Lagoon has long been one of my favorite places to visit. It’s not the fanciest amusement park in the world, but it’s ours – and the owners have done their best to make it a good place for young and old to have fun for as long as I can remember, which dates back to around 1957 or so.
This mural appeared as the backdrop for the loading area to the Terroride, one of the oldest park attractions and still a favorite. I remember I posted about it at a forum dedicated to Lagoon about three years ago, so I’ll just steal my own comment from there:
“The Terroride mural is a holdover from an age gone by. Many traveling carnivals had dark-rides or dark walkthroughs, and they appealed to people from a rural environment who, “b’gosh I’ll jest swan to Guinea, I never done see’d nothin’ like that in all my born days!” The mural was designed as the visual representation of a nightmare. Apes, skeletons, octopi, spiders, mummies… and Negroes! Hey, back then, “Negroes” were scary! We’re talking 1940’s and before… this is an old mural. Even though it’s not terribly frightening now, or even politically correct, I hope they preserve it – it’s a beautiful piece of history. I recall visiting Lagoon in around 1957 or so, for the first time, and that picture gave me the heebie-jeebies. “
Now that I think about it, the dancing African was probably supposed to represent a juju-man, or witch doctor – which back in more provincial days may have been frightening enough indeed.
[Edit:] Lest anyone think there was even a hint of racism in the minds of management, Lagoon’s owner and general manager Robert E. Freed was fiercely dedicated to the causes of equality; when the Freed family and their partner, Ranch Kimball, took over the lease of Lagoon, the terms forbade blacks in the swimming pool and the ballroom in accordance with a Farmington town ordinance. By the late 1940s, Freed had succeeded in fully opening Lagoon to the black community; when his company acquired the Rainbow Gardens, later known as the Terrace Ballroom, the same policy was adopted.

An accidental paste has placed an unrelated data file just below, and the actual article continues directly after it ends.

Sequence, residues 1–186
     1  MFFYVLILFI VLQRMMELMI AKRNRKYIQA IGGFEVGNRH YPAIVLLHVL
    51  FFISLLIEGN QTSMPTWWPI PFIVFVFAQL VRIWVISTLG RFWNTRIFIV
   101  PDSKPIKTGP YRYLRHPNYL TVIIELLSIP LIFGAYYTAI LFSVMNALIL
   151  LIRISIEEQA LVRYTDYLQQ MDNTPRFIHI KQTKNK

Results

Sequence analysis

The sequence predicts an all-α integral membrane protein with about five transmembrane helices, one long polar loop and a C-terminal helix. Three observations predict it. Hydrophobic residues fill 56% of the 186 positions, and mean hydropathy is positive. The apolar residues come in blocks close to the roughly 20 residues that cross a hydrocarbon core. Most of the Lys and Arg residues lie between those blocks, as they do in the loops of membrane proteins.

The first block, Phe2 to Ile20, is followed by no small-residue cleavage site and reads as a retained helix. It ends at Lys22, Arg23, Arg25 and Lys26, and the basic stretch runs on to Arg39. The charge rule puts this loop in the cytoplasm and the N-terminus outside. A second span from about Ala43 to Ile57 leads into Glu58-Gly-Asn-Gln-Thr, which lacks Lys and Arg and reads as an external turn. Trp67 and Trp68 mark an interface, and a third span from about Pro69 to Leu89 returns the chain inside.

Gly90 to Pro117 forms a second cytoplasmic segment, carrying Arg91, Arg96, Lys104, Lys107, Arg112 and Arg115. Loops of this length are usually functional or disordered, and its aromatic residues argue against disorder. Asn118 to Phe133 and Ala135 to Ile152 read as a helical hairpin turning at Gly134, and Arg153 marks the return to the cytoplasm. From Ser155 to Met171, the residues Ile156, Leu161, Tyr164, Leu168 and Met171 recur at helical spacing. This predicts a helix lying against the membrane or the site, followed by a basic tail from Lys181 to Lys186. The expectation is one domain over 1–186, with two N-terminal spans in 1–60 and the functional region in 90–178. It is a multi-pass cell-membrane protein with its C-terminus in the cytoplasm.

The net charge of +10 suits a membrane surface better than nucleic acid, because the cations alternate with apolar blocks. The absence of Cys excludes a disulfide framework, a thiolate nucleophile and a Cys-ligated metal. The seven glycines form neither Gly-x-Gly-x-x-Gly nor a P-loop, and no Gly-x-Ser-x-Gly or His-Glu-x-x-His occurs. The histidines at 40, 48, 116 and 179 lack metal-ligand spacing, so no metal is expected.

Posted on a Flickr picture was this description:
“The mural was painted by William M. Tracy, who is probably dead now. He lived in New Jersey. It is believed to have been painted in the 1940’s. William Tracy used to display stunts for dark rides at the industry trade shows. The mural was most likely purchased at the trade show along with some stunts. Bill Tracy also did many of the gags that were in the original Dracula’s Castle, many of which remain in place today. Sadly, he was an alcoholic.”
Others have disputed parts of this, but it’s the only bit of history I’ve been able to find.
If it’s indeed gone, that would be a sadness – I’ll be curious to find out if it was preserved anywhere.
[Update:] I called Lagoon today – apparently the mural has indeed been replaced by some trees, but it has been preserved in the offices at the Lagoon annex. That’s good – a piece of history like this deserves to be saved. Thumbs up!
[Update 2:] The mural is back in its original location, preserved for future generations to marvel at. ❤
The Old Wolf has spoken.
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